How to Prevent The ATO From Cancelling Your ABN


ATO’s Intent To Cancel Inactive ABNs Program

The Australian Taxation Office (ATO) are currently undertaking a program of reviewing Australian Business Numbers (ABNs) to identify those that are potentially inactive and in need of cancellation.
The ATO may select an ABN for review and potential cancellation if:

  • that ABN has not reported business activity in a tax return;
  • there are no signs of business activity in other lodgements such as activity statements; or
  • there are no signs of business activity from other third-party information which the ATO has access to.

Are you a sole trader, partnership, or trust?

If yes, read carefully.

Did you declare business income for the last two years in your tax returns? If not, you might be at risk.

Or even worse you have forgotten to lodged business activity statements or income tax returns for more than two years?

The ABR checks are happening throughout 2018.

The solution is simple. Contact your bookkeeper to bring your BASes up-to-date and lodge your outstanding tax returns.

Consistent compliance with taxation office rules is a must.

Sole Trader Myth

Who knows how myths are created. In a lot of cases they are created with good intentions. As Samuel Jackson said: “Hell is paved with good intentions”.

Sometimes sole traders have not lodged forms with ATO because they think they don’t need to lodge if their income is below the tax-free threshold.

Tax-Free Threshold through the last two decades:

1991-2000 – $5,400
2000-2012 – $6,000
2012-now – $18,200
This myth is dangerous. It causes people to forget about their compliance obligations.

The truth is that regardless of the income, sole traders need to:

Lodge individual tax return, including the supplementary section.
Lodge business and professional items schedule for individuals.
Pay their IAS, and if Nil they must lodge a Nil.

Why inactive ABNs are not ideal

Inactive ABNs are, in most cases, an unwanted distraction for both advisors and the business owners. Some of the reasons for this include:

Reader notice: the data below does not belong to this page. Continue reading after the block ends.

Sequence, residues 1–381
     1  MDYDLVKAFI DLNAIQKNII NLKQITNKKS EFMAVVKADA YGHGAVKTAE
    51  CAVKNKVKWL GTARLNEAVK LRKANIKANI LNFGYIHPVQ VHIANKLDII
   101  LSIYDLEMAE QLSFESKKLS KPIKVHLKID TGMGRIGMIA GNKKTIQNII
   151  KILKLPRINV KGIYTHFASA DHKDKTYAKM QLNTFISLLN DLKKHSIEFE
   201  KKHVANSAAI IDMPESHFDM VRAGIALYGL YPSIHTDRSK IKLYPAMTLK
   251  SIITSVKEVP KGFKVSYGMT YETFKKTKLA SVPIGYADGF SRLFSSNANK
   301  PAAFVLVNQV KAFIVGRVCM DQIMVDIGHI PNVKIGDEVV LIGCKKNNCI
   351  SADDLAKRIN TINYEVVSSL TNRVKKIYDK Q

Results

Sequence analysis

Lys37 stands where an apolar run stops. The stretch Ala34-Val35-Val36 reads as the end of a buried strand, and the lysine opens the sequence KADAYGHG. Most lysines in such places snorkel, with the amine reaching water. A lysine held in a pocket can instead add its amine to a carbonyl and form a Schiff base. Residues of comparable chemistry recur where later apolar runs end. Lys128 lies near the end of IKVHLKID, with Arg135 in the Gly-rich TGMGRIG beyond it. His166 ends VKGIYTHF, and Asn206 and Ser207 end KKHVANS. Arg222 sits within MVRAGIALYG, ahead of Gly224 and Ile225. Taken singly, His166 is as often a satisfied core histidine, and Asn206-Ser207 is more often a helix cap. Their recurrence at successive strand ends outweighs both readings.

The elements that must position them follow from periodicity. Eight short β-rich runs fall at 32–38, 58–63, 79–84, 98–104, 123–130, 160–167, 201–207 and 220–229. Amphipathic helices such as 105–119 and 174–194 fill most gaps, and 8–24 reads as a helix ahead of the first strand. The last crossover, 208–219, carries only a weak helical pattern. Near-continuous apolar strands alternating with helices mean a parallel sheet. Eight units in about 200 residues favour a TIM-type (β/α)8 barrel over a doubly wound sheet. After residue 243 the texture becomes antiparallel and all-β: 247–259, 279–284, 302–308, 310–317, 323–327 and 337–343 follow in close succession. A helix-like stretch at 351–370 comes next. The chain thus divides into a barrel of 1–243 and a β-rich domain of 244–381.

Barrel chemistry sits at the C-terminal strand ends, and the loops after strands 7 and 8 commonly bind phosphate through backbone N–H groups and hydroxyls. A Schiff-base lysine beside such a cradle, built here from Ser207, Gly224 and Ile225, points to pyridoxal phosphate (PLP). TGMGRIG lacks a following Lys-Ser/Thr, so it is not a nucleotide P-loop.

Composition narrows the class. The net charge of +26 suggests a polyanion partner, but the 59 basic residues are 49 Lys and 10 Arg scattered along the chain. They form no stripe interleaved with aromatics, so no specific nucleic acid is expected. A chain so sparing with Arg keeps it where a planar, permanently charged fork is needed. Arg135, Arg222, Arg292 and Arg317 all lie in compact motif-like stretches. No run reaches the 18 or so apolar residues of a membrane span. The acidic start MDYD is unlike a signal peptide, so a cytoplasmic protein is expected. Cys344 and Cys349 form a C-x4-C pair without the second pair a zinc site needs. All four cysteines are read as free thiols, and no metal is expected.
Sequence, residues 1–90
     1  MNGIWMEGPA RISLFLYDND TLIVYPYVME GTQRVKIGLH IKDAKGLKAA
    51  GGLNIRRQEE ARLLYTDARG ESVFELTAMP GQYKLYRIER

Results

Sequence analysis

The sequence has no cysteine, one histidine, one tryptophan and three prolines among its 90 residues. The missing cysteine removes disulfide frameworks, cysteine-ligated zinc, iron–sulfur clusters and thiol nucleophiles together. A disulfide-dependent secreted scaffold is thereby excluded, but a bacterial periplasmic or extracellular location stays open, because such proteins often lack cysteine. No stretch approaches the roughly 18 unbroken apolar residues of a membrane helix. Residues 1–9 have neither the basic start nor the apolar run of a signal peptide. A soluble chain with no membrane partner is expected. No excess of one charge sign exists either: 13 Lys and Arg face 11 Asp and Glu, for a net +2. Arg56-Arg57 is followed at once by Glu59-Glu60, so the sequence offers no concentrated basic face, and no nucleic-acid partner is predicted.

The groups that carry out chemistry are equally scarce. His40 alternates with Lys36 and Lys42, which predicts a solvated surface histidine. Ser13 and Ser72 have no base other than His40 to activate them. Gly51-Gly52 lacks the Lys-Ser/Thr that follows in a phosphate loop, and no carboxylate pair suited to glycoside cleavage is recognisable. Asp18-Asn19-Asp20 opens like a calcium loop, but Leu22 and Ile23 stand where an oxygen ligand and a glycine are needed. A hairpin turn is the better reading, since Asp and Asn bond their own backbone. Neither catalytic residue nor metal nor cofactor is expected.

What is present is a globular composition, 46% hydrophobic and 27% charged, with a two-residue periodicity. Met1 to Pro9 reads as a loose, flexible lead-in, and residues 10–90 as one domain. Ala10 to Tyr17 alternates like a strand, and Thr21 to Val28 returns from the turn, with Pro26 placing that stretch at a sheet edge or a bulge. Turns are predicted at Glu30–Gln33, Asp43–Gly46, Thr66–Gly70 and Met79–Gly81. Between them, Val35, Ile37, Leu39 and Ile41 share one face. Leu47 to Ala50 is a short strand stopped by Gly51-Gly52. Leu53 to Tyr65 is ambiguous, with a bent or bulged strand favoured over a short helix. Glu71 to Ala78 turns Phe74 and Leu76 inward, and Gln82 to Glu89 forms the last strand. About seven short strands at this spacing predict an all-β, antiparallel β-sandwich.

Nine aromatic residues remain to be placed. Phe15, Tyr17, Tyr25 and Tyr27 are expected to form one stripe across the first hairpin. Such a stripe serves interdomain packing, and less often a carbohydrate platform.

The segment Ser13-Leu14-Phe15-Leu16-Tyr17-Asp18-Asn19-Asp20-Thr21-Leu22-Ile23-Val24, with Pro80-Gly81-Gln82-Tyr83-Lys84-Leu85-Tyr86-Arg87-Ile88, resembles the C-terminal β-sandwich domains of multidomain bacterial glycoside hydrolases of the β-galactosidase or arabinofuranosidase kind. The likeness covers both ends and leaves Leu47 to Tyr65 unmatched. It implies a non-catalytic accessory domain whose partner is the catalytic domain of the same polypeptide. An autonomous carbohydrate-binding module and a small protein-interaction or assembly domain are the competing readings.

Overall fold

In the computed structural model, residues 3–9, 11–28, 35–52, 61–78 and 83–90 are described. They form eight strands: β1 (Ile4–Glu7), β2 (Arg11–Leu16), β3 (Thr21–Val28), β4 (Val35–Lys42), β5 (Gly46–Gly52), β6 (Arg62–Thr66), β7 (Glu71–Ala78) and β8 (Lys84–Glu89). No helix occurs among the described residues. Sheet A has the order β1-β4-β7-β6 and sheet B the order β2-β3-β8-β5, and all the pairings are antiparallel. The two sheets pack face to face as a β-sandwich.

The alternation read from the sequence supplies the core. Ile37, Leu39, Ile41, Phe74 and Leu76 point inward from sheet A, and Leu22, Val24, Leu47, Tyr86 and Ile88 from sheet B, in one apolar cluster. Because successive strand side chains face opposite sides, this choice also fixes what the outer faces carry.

1. If tax registrations are attached to the ABN (e.g., a GST registration), it can lead to activity statements being unnecessarily issued and penalties accruing if not lodged on time;
  2. The ABN will continue to appear as “active” on the Australian Business Register (ABR) if searched by the general public, which could be undesirable for various reasons;
  3. Emergency services and government agencies use information from the ABR during natural disasters to identify where financial disaster relief is needed to help businesses;
  4. The ABN may result in the client being misclassified in a certain way by the ATO (or other government departments), which could cause the business to be incorrectly selected for a compliance review of some kind;
  5. The ABN may trigger involvement in government surveys, such as those conducted by the Australian Bureau of Statistics (ABS) from time to time.

The impact of an ABN being cancelled on a legitimate business

Under the ATO’s ABN Intent to Cancel program, a legitimate and active business could see its ABN be the subject of review (and potentially cancelled) if it has fallen behind on the lodgement of tax returns and activity statements.

If an ABN is cancelled for a genuine business, the business owner is said to have no legal business and is thus held to be operating illegally. Among other things, this will cause problems for customers and suppliers who use the ABR to verify that they are dealing with a legitimate business (particularly at the commencement of a business relationship). If there is no ABN appearing on the register because it has been cancelled, then that customer or supplier may withhold 45% of any payments due to the business and may subsequently cease to deal with the business.

Moreover, customers will need a valid ABN on tax invoices to claim GST credits in relation to purchases made.

Considerations for the cancellation of an ABN

The reality is that some ABNs are no longer needed. In these cases, it is best to take a proactive approach to avoid later contact by the ATO.

If your client’s business is no longer operating, consideration should be given to the cancellation of the ABN. Likewise, if a business structure has changed – for example, a client’s business has changed from being a sole trader to a company – then the old structure’s ABN may need to be cancelled.